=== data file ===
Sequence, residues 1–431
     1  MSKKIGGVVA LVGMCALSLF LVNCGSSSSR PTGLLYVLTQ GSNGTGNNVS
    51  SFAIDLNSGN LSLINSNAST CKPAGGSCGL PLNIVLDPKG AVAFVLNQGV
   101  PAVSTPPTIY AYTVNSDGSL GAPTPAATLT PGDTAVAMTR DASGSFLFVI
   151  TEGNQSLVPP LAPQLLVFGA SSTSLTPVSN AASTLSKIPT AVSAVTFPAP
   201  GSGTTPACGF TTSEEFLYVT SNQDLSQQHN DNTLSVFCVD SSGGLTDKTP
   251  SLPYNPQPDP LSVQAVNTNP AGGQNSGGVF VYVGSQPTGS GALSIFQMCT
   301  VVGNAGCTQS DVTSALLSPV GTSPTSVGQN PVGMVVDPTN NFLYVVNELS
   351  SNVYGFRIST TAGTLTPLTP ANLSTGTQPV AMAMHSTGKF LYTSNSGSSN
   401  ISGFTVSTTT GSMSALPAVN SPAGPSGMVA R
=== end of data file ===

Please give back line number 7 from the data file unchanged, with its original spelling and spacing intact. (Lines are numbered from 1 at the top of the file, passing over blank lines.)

   251  SLPYNPQPDP LSVQAVNTNP AGGQNSGGVF VYVGSQPTGS GALSIFQMCT